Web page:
YOUR OWN ELECTRO-BOARD
ELECTRO-SCIENCE IS MORE THAN BATTERIES, WIRES AND BULBS. SCIENTISTS
HAVE BASIC PIECES OF EQUIPMENT THEY USE MANY TIMES IN THEIR EXPERIMENTS.
THE ELECTRO-BOARD IS AND IMPORTANT TOOL. IT LOOKS COMPLICATED, BUT IT IS
EASY TO PUT TOGETHER. HERE'S HOW.
- 1 piece of soft wood, 16 cm x 7.5 cm x 2 cm
- 5 short screws (#6 x 3/8 self tapping)
- 4 Fahnestock clips
- 1 battery holder
- 1 snap connector for battery holder
- an LED
- 1 33 ohm resistor
- 2 AA batteries
- 1 paper card 2 cm x 8 cm
- 20 gauge wire
- a wire stripper/cutter
- a screwdriver
- a straight pin
- a black magic marker
Follow these steps. The pictures will help you.
- Make 4 pairs of evenly spaced pinholes down the centre of the card.
Mount the LED by pushing its wires through the first pin hole. These wires
must not be touching. Use the marker to label the LED 1.
- Place the card on the right end of the board
- Bend the + wire out one side. Put a big + sign on the board above the
- Bend the - wire out the other side. Put a big - sign on the board below
- Place one Fahnestock clip on each side.
- Slide the end of a wire under each clip and use screws to attach them
to the board.
- Snap batteries into the holder and attach the snap connector. Tape
the holder down on the end of the board.
- Attach the wire at one end of the resistor and the bare end of the
black wire both to the board with the same screw.
- Use another screw and a Fahnestock clip to fasten the other end of
the resistor down. Put them on the same side of the board as the - LED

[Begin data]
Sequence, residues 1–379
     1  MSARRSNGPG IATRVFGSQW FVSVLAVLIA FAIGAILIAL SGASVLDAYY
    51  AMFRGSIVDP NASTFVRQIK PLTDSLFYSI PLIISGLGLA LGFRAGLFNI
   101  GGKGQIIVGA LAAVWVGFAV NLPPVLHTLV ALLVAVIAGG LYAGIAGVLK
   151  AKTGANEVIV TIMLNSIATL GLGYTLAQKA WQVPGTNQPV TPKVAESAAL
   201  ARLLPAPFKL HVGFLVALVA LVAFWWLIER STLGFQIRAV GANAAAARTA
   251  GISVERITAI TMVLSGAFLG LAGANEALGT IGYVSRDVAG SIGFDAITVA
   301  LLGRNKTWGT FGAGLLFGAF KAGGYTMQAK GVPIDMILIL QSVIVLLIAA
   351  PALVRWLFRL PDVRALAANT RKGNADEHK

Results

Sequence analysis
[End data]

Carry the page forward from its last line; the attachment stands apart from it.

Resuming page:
wire. Label this clip with a B.
- Now, use a screw and Fahnestock clip to attach the bare end of the
red wire to the + side of the board. Label this clip A.
HERE IT IS — YOUR ELECTRO-BOARD!
Finally, test it. Experiments and scientists always check out their
- Cut two short wires and bare the ends. Attach one end of each to these
Fahnestock clips. That connects them to the battery.
- Now, place the free end of each wire into the two clips for the LED
to check your circuit. It should glow as you complete its circuit. If not,
make sure that the batteries are sitting properly in the holder, that everything
is connected and that the LED is in the right way.
This project results in a handy tool that assembles and holds a collection
of electrical components. The electro-board is a necessary part of most
of the activities that follow. The wood block only has to hold everything
in place. its size and shape are not important. The paper card is a holder
for the LED. Since there will be three more, spread the pin holes down
the card so that the LEDs will be evenly spaced out.
The resistor increases the life of batteries by reducing the flow of
electrons to the LEDs. It also prevents heating if you accidentally create
a short circuit.
The resistor must be used to reduce the flow of electrons to the LED.
LEDs are easily destroyed if too many electrons are allowed to flow. Use
two AA batteries only, otherwise LEDs would likely burn out. LEDs come
in many shapes and sizes. If you want to try out some different ones, get
Sometimes it is difficult to tell which LED wire is "+" and
which one is "-". If so, trial and error works because it lights
only when it is connected correctly. Also "-" is from the battery
and "+" is to the battery. Start the holes in the board with
a nail to help the screws go in easier.
Students should have had the opportunity to practice with wire strippers.
They need to learn how to remove the insulation without cutting through
the wire. Electrons can flow either way through a resistor, so it doesn't
matter which way around it is connected.
Snap connectors have colour coded wires. Red is "+". Black
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